The Volunteers Protection Act 2001 (SA) provides some protection for volunteers doing community work from being sued for damage, loss or injury they may have caused to others during their volunteer work.
What protection is provided by the Volunteers Protection Act 2001?
Subject to some exceptions (see below) a volunteer doing 'community work' for a 'community organisation' is not liable for any damage, loss or injury they cause due to an act or omission done or made in good faith and without recklessness [Volunteers Protection Act 2001 (SA) s 4].
If someone experiences damage, loss or injury because of a volunteer doing community work, they can sue the organisation the volunteer works for. They can only sue the volunteer if it is clear the Volunteers Protection Act 2001 (SA) does not protect the volunteer, or if they have first sued the organisation, which then disputes it is liable.
Who is a volunteer?
A volunteer is someone who is not paid for the work they do.
Being reimbursed for expenses incurred carrying out voluntary work is not 'payment' [Volunteers Protection Regulations 2004 (SA) 4(1)(a)]. A monetary gift given in recognition of a volunteer's work (an honorarium) is also not payment, but the gift must be a 'true honorarium' - for example, it must not be relied on or expected by the volunteer as a source of income [Reg 4(2)].
A person carrying out work under the order of a court or as a condition of a bond is not regarded as a volunteer [Volunteers Protection Act 2001 (SA) s 3].
Are all volunteers in all organisations covered?
Only volunteers doing 'community work' for 'community organisations' are covered by the Act.
What is community work?
Community work is work done for any of the following purposes:
- for a religious, educational, charitable or benevolent purpose
- for promoting or encouraging literature, science or the arts
- for looking after, or providing medical treatment or attention for, people who need care because of a physical or mental disability or condition
- for sport, recreation or amusement
- for conserving resources or protecting the natural environment from harm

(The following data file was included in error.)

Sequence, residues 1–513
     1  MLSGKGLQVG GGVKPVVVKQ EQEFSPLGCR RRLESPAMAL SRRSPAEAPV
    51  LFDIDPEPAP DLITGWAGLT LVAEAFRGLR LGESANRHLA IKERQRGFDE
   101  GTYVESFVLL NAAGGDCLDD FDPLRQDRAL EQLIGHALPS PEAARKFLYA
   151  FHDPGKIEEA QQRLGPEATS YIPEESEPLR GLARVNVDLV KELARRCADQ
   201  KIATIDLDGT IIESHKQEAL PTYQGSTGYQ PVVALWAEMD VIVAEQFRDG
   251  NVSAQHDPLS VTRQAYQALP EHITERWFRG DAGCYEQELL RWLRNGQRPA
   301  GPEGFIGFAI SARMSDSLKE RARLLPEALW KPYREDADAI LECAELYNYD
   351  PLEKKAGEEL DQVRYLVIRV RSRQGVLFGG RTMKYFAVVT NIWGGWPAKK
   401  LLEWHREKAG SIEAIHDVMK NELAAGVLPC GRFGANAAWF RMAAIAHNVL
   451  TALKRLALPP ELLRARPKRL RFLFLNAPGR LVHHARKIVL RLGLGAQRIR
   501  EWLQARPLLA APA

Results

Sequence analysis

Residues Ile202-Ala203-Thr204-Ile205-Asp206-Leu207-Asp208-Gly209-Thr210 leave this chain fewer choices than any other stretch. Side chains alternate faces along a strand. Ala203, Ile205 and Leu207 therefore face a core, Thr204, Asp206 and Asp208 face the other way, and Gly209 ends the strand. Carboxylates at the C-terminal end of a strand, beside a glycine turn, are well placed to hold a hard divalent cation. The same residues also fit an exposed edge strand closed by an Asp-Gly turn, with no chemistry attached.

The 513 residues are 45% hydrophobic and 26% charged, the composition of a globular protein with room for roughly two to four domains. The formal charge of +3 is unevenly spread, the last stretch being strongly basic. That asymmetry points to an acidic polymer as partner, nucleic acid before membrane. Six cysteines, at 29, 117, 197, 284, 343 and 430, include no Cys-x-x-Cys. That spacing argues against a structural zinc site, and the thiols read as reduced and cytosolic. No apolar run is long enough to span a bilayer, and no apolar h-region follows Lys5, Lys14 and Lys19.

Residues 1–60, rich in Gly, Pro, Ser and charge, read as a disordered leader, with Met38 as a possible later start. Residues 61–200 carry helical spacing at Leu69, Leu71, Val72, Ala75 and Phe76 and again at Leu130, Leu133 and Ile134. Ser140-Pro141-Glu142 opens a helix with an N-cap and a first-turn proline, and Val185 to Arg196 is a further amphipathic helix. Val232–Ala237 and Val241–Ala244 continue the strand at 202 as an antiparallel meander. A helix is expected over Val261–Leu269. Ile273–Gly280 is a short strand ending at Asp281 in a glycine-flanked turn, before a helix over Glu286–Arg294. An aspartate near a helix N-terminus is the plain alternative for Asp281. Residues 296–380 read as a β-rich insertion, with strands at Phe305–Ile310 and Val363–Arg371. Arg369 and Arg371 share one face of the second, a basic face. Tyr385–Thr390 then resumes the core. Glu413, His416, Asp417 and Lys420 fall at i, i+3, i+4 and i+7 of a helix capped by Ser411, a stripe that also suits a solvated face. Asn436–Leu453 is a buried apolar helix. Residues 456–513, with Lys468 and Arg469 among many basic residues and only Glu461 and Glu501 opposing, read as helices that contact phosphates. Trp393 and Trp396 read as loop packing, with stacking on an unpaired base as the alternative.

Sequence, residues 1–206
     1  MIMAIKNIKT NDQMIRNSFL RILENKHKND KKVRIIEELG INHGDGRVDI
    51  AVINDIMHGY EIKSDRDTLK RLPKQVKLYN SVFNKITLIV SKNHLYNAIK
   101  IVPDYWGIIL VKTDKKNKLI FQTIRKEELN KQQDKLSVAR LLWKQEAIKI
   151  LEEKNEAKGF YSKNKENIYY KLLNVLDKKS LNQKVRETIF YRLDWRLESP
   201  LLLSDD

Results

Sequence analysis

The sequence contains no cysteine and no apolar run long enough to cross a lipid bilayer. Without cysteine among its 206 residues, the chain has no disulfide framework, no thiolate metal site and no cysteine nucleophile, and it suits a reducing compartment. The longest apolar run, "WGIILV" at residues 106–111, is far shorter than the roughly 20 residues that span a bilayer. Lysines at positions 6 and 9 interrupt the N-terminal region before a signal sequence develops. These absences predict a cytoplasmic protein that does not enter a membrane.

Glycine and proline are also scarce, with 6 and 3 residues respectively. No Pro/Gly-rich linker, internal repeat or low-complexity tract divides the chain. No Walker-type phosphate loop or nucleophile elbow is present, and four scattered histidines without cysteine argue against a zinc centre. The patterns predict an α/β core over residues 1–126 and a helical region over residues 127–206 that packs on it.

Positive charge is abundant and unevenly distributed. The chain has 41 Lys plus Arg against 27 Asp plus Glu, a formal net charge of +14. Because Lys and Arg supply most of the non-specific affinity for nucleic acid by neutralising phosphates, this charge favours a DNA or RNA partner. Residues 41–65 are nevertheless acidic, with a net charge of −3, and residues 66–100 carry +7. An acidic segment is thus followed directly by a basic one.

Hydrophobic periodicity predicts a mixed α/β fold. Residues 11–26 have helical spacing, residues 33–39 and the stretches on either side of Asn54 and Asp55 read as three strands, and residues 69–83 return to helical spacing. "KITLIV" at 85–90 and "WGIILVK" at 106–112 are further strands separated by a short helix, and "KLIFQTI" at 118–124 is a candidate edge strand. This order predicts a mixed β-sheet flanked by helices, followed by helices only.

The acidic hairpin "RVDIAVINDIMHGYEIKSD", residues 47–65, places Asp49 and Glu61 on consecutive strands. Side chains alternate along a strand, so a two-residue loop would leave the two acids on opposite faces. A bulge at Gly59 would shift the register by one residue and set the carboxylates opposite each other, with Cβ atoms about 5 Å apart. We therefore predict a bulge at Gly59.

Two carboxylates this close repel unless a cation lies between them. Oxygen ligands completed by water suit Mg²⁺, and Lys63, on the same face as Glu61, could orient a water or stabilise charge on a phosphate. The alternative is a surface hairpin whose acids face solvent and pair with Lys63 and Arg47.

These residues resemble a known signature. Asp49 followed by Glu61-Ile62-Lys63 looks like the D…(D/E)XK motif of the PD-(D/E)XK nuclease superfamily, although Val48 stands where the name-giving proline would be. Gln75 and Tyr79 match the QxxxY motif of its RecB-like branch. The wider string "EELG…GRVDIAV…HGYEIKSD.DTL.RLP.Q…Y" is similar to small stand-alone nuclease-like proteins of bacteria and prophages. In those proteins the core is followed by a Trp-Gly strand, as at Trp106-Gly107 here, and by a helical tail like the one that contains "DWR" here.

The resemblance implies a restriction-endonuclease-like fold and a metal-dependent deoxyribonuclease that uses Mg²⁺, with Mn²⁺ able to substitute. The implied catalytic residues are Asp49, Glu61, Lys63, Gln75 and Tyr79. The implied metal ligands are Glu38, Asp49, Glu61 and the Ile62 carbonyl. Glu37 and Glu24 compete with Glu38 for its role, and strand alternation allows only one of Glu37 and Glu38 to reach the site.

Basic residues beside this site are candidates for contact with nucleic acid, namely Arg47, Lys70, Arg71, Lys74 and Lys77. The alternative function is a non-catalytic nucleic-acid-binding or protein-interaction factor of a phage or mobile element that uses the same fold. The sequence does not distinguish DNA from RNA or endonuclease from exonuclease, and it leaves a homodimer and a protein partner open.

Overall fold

- for preserving historical or cultural heritage
- for a political purpose
- for protecting or promoting the common interests of the community generally or a particular section of the community.
[Volunteers Protection Act 2001 (SA) s 3]
These purposes are similar to those for which organisations can be incorporated under the Associations Incorporation Act 1985 (SA). However, not all organisations incorporated under that Act will have purposes that are included as 'community work' under the Volunteers Protection Act 2001. Just because an organisation is incorporated under the Associations Incorporation Act 1985 and considers itself to be involved in community work, its volunteers are not necessarily covered by the Volunteers Protection Act 2001 (SA).
What is a community organisation?
To be a 'community organisation' under the Volunteers Protection Act 2001 (SA), the organisation must:
- direct or co-ordinate the carrying out of community work by volunteers
- be incorporated – this could be as a community organisation under the Associations Incorporation Act 1985 (SA), or as a co-operative, or as a company; government departments and agencies are also included.
What exceptions are there to the protection from liability?
The protection from being sued provided by the Volunteers Protection Act 2001 (SA) does not cover:
- liability for defamation
- situations covered by compulsory third-party motor vehicle insurance (that is, where a volunteer was driving a car and was involved in an accident and someone was injured, the injured person follows the normal procedure for making a claim – see Personal Injuries)
- situations where the volunteer's ability to carry out the work properly was, at the relevant time, significantly impaired by a recreational drug (this includes alcohol)
- situations where the volunteer was acting, and knew or ought to have known they were acting, outside the scope of the activities authorised by the community organisation
- situations where the volunteer was acting, and knew or ought to have known they were acting, contrary to instructions given by the community organisation.
Some implications for community organisations with volunteers
Organisations should make the nature and scope of activities volunteers are authorised to engage in clear to volunteers. This will involve documentation and thorough induction and training.
Organisations should identify potential risks involved in the work of volunteers and take measures to minimise the risk of damage, loss or injury to others.
Community organisations that have volunteer workers should check their public liability insurance policies, or write to their insurer, to see whether they are covered for loss or injury caused by the negligence of their volunteer workers.
The content of the Law Handbook is made available as a public service for information purposes only and should not be relied upon as a substitute for legal advice. See Disclaimer for details. For free and confidential legal advice in South Australia call 1300 366 424.